Therefore, to support the development of children's brains and retinas, women must take DHA supplements along with a DHA-rich diet during pregnancy.

DR. Madathupalayam Madhankumar -iCliniq

What vitamins to take during pregnancy? 25 doctors share their recommendations for pregnancy supplements (24)

Getting the right nutrients is crucial at every stage of life, especially during pregnancy as you need to nourish yourself and your growing fetus.

Experts from the American College of Obstetrics and Gynecology recommend that all pregnant women take prenatal vitamins and folic acid to fill nutritional gaps and prevent developmental disabilities at birth.

prenatal vitamins

These are multivitamins to meet the increased need for micronutrients during pregnancy.


Folate is a vitamin that plays an important role in DNA synthesis, red blood cell production, and fetal development.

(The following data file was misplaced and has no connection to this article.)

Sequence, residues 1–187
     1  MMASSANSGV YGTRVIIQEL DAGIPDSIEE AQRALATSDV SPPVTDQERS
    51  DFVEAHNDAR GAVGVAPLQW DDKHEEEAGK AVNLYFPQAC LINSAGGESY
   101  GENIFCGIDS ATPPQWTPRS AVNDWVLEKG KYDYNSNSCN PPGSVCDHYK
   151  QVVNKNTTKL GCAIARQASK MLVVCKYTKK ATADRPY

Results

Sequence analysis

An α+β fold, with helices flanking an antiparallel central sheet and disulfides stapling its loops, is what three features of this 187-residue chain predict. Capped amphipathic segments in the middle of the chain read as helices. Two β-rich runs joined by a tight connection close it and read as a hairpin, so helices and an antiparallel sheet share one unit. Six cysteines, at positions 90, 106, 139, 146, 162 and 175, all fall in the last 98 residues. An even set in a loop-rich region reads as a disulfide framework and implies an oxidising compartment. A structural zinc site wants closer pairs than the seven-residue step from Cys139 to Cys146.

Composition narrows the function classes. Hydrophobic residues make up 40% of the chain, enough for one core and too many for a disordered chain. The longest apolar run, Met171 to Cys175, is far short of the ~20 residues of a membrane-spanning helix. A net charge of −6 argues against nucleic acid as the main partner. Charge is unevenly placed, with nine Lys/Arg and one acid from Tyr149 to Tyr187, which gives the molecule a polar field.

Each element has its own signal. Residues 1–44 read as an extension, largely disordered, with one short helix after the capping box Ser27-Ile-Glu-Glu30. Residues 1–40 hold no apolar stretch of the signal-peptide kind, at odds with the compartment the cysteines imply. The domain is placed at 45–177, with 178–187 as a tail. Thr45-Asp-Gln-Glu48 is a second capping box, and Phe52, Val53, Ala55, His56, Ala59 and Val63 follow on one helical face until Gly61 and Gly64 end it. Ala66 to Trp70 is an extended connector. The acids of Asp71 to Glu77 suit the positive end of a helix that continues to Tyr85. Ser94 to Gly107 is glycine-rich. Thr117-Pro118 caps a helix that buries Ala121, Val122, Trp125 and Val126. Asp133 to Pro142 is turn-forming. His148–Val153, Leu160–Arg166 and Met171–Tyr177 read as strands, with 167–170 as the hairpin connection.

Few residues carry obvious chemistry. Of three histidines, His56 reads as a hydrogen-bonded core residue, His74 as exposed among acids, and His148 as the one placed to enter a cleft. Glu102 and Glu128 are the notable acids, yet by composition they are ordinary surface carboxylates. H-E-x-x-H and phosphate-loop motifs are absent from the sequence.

Iron is vital for oxygen transport and the healthy growth and development of your baby and placenta.


Vitamin D is a fat-soluble vitamin for better immune function, bone health, and cell division.

Dr. Burt Webb -vitality mds

What vitamins to take during pregnancy? 25 doctors share their recommendations for pregnancy supplements (25)

Women should take nutritional supplements during pregnancy, but more importantly, they should take nutritional supplements before they become pregnant.

Many women do not feel well during pregnancy, so they do not take dietary supplements regularly.

The other aspect is that most prenatal vitamins are of poor quality. Yes, they have a lot of numbers on the back, but there are questions about how and if nutrients are absorbed.

Pharmaceutical grade supplements are required to have much higher standards of product purity and better absorption than most prenatal vitamins.

Prenatal vitamins must contain iron and folic acid, with levels for each nutrient determined by the American College of Obstetricians and Gynecologists.

Thank you to all the medical experts who contributed to this expert round-up! If you enjoyed reading this post, share it with your friends and family on social media.